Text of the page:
is this, from Poetry Foundation, relevant as history?
POETRY FOUNDATION FALL 2012 EVENTS
Seeing the Light: Intersections of Cinema and Poetry
Friday, September 7, 7 pm
Southside Hub of Production
5638 South Woodlawn Avenue, Hyde Park
There is a well-established history of poetry and cinema commingling, yet poetry shares the most with the tradition of experimental/avant-garde cinema, those films that are unburdened by the constraints of narrative logic, stylistic continuity, and mainstream approval. Borrowing the title from James Broughton’s tract on cinema, South Side Projections andPoetry magazine present a program of three short films by renowned experimental directors, each with poetic roots. Broughton’s Four in the Afternoon (1951, 16mm, 15 min.) adapts poems from his book Musical Chairs into a series of vignettes about four eccentric characters in search of love. Narrated by Orson Welles, Larry Jordan’s Rime of the Ancient Mariner (1977, 16mm, 40 min.) warps Samuel Taylor Coleridge’s classic ballad into a chromatic fever dream. Stan Brakhage’s Deus Ex (1971, 16mm, 33 min.) was inspired by a Charles Olson poem and Brakhage’s own frequent hospital visits. The film uses footage of an open-heart surgery to raise questions about our obsession with extending life beyond its natural boundaries.
Co-sponsored with South Side Projections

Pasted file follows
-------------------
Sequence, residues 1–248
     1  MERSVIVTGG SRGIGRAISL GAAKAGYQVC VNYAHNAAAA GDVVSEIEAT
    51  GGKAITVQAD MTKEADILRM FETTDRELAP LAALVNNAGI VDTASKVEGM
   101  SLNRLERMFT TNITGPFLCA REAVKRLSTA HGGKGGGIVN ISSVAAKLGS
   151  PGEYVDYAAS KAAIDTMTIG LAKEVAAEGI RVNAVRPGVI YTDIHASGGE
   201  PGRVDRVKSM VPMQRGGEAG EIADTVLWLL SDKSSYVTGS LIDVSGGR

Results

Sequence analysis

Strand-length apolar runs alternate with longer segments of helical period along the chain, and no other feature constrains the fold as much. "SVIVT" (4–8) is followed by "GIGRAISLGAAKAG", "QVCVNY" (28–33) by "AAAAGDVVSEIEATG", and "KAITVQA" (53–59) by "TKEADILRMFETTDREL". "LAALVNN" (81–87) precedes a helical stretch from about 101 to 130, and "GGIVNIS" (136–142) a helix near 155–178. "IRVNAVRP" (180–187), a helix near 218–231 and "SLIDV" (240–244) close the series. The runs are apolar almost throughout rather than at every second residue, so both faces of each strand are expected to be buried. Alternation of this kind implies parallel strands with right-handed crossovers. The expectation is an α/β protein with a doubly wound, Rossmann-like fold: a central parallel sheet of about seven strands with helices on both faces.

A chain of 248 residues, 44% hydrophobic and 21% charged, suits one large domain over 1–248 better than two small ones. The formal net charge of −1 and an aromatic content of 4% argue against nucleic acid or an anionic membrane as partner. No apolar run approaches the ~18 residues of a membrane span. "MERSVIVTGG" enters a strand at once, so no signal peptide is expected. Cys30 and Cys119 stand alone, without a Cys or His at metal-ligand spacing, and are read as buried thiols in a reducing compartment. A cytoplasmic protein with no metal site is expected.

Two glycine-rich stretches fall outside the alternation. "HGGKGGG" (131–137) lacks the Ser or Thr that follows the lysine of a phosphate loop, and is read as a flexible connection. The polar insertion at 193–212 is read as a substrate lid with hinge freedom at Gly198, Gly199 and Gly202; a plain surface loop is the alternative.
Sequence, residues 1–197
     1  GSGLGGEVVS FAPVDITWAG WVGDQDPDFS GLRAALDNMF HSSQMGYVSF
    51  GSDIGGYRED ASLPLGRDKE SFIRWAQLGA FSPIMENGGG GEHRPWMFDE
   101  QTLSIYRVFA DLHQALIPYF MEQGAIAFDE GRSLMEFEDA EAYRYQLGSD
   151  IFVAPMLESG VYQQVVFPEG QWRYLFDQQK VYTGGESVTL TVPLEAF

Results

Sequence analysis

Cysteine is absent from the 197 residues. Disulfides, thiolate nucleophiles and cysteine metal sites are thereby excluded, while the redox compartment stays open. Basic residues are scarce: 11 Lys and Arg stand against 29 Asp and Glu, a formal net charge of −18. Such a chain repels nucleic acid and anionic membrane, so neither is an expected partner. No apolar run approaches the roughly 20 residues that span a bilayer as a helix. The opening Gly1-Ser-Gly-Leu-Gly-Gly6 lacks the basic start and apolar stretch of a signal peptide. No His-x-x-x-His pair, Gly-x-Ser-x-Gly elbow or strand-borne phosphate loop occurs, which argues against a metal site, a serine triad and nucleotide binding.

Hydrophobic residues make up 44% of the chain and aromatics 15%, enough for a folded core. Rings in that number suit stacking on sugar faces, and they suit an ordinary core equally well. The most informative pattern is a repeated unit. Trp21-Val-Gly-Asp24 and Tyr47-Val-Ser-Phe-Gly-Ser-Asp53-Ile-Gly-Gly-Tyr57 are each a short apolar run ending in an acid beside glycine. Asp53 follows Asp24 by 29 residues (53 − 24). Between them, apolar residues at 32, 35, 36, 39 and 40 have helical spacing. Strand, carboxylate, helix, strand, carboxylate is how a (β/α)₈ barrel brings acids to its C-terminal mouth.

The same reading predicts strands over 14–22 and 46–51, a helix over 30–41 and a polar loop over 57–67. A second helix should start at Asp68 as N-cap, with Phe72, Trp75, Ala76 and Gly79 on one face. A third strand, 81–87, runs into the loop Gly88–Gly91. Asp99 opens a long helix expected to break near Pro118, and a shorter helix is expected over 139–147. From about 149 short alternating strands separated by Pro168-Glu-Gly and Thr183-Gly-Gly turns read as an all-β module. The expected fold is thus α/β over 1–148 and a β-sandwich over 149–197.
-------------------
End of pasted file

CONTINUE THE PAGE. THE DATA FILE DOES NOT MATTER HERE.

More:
On 28/08/2012, at 10:11 PM, Lawrence Upton wrote:
> Hallo Chris,
> I agree with you about editing 1/4 inch tape. I suppose few do have that
> skill now. In one way it is not needed now; but a knowledge of analogue
> processes might help understanding
> You say
>> The other trick is the poetry has to be written to work with
>> the media.
> I agree, to a degree.
> One might say though that the media has to be used to suit the poetry.
> I have referred before now to comments I heard David Harsent make a few
> years ago about working with Birtwhistle. Maybe I should get another
> example; but I'll stick with it now.
> He worried me more than a bit because he spoke of the necessary
> willingness of the poet to allow the composer to rework the verse
> regardless of the poet's intentions. That's fine among consensual adults.
> But it was being delivered as THE WAY THINGS ARE AND MUST BE. & I think
> there's more to it than that. There are other possibilities.
> Otherwise one is reifying the separability of POETRY and MUSIC rather than
> integrating them; and reifying the idea of the solo artist.
> Lawrence Upton
> Visiting Fellow, Music Dept,
> Goldsmiths, University of London
> New Cross, London SE14 6NW